After breaking a spade and digging fork a fortnight ago, I thought I’d better get replacements. I like the Spear and Jackson offerings but they’re damned difficult to get around here. So I relented and looked on Amazon. I promise to do penance. I found, in that over-sized emporium, a matching set of digging spade and digging fork. There was also a matching border fork on offer so why not, I thought. Well I need some smaller tools for working in Edifice 2, when I eventually get round to building it.
Amazon then, in its wisdom, decided to speed up my order by delivering the three items on three consecutive days using Amazon Logistics. Round here you can set your watch by the different courier companies. They each turn up within their allotted one-hour window. As long as you know which courier is being used, you know which hour to be around to receive your goodies. But not Amazon Logistics. Any time between 7am and 9pm. Thanks Amazon for effectively sterilising three days of my life. Next time, a single delivery perhaps?
Still, I have nice new shiny tools. And the news that Niwaki have now brought out a border-sized Sukoppu. So I’ve ordered one, along with some other Niwaki goodies. I know when the parcel will arrive, day and time-slot.
6 A Word
Finally, as fellow SoSer Mrs Daffodil will know, I often invent new words. Well this isn’t one. It’s in the Oxford English Dictionary, don’t you know? Abbie Jury, who gardens in New Zealand and who I’ve featured in a previous six, blogged about it so I thought I’d give it a mention as our host plans a replan of his garden and I start to think about removing the large front lawn ….. I give you
So There We Go!
Of course, if England win later, it’ll be entirely down to home advantage, as we won’t be able to blame a blind Irish referee* (the referee’ll be French and I have a lot of French friends, all growing in Fred’s garden), unless they beat us by at least 27 points and so demonstrate that they have learned to play rugby properly.
It’s all good natured fun, of course. Whoever wins, I hope it’s a good game and that no limbs get detached during proceedings.
Of course, there is the war of words going on. Which reminds me of an ancient story. It involves Julius Caesar on his second, and more successful, attempt to conquer Britain. Having beat the crap out of the English, he eventually came face to face with the Welsh (we called ourselves Celts then) army.
The Romans were lined up on one side of the valley, the Welsh on the other. The bottom of the valley was full of mist.
Out of the mist came a cry. “Hey Caesar! I’m Caradog, the Welsh Champion. I’ll fight the best of your men!”. Caesar sent his champion down into the mist. There came a clanging of swords and a smashing of shields together. All went quiet.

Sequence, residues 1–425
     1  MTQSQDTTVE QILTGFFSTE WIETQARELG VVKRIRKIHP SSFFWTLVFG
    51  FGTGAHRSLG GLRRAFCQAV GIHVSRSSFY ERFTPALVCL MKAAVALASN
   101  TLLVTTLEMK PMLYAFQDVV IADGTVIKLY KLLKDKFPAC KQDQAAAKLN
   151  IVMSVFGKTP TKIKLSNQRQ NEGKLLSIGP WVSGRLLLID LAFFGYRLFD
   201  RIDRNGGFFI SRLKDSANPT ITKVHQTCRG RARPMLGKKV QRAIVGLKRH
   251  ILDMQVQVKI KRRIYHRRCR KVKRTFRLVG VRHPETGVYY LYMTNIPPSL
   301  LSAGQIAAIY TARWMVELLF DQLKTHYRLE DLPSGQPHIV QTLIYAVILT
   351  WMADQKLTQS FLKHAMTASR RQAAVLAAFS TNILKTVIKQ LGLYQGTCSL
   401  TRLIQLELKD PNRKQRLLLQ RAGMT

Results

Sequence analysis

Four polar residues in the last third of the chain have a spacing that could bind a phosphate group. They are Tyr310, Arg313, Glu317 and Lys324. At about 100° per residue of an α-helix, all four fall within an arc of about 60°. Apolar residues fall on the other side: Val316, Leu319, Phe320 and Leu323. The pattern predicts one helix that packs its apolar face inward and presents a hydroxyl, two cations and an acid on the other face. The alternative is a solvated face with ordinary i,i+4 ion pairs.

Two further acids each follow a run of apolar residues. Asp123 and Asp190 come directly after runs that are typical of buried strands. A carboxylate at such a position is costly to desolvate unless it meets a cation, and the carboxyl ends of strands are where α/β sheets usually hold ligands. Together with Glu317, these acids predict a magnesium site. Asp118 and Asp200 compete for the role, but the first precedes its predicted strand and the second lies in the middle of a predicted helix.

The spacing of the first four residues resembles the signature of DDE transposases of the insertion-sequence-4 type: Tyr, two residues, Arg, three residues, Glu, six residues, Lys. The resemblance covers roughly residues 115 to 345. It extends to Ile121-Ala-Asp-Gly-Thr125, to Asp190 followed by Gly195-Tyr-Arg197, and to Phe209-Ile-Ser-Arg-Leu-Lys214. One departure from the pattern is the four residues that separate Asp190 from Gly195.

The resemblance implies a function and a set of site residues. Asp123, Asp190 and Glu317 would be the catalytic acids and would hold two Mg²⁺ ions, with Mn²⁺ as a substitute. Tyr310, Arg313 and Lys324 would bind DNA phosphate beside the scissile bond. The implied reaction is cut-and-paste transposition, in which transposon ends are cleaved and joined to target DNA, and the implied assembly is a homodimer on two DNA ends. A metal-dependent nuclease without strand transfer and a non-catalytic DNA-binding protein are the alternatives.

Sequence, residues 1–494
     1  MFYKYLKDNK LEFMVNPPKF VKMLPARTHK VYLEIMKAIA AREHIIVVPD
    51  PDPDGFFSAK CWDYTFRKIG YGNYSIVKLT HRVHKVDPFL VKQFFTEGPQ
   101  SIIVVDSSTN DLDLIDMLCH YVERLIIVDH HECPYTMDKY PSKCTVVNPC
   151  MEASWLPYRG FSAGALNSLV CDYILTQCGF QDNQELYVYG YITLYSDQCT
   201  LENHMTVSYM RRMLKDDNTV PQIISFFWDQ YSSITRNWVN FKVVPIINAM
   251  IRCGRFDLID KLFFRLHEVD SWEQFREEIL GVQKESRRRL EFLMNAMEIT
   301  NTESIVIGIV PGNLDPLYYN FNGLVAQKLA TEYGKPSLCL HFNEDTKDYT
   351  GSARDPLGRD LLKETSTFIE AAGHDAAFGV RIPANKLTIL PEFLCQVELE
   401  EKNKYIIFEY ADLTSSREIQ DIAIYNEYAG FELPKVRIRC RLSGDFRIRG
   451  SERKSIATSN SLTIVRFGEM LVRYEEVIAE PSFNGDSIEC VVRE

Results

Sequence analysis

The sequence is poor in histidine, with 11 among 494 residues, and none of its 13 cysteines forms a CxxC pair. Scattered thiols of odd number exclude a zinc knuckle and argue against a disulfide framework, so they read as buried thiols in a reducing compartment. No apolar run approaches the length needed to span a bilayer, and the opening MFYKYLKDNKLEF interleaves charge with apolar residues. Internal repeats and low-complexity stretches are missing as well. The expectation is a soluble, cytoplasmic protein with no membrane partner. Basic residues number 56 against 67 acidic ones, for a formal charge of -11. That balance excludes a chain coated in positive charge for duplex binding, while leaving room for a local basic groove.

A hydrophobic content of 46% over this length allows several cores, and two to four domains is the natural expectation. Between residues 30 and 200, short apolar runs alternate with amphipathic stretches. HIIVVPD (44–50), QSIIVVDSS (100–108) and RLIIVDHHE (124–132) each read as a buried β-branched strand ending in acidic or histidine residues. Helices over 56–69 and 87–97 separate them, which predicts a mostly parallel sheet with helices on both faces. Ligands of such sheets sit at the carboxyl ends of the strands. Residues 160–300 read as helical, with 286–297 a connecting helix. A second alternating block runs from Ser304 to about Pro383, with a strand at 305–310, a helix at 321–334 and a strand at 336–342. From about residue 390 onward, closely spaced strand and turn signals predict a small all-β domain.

Out of the mist came a cry. “Hey Caesar! I’m Caradog, the Welsh Champion. I’ll fight ten of your best men!”. Caesar couldn’t admit defeat so he selected the ten best of his army and sent them down into the mist. There came a clanging of swords and a smashing of shields together. And screams. All went quiet.
Out of the mist came a cry. “Hey Caesar! I’m Caradog, the Welsh Champion. I’ll fight a hundred of your best men!”. Caesar couldn’t admit defeat so he selected the hundred best of his army and sent them down into the mist. There came a clanging of swords and a smashing of shields together. And screams. All went quiet.
Out of the mist came a cry. “Hey Caesar! I’m Caradog, the Welsh Champion. I’ll fight a thousand of your best men!”. Caesar was now in a real panic. He couldn’t refuse the challenge but this Welsh champion was just too good. He was about to select the best thousand soldiers from his army and send them down into the mist when he heard a groan and, out of the mist crawled a badly wounded soldier. In his death throes, the soldier called to Caesar: “It’s a trap! There’s two of them down there!”
In the meantime, pop over to our host’s blog, find his SoS post for today and scroll down to the comments to see links to the contributions of other worthies. This process, of course, sends his blog stats through the roof. Which will at least console him in the event of an away win today. To be honest, I have some doubt that he’s the slightest bit interested in rugby, preferring the round ball sport where someone whacks a ball somewhere low down and then everyone runs round hugging and kissing each other. So football IS a contact sport after all!
I won’t be around for a couple of Saturdays. Next week is the Alpine Garden Society’s South Wales show and the week after I have a Hardy Plant Society do to go to. But there will be some edifice construction blogs in the interim and one about coir. So, until we meet again, enjoy
our rugby victory your garden, and Thomas Stone’s plants of the week, if your wallet or purse can stand it!